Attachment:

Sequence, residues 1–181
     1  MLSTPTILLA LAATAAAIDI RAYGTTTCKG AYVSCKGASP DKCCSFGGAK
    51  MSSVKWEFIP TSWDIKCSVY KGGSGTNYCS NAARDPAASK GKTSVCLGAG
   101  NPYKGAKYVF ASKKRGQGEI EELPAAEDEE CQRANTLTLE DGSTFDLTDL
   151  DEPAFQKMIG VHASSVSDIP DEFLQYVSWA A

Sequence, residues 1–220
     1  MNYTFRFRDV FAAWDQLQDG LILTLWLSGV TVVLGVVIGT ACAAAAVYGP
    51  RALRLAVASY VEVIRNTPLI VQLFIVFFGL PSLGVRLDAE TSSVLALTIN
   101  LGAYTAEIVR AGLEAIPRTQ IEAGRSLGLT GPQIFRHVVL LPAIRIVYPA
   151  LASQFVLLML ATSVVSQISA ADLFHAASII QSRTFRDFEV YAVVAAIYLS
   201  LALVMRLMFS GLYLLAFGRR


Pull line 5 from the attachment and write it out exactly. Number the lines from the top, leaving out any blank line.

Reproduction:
   151  DEPAFQKMIG VHASSVSDIP DEFLQYVSWA A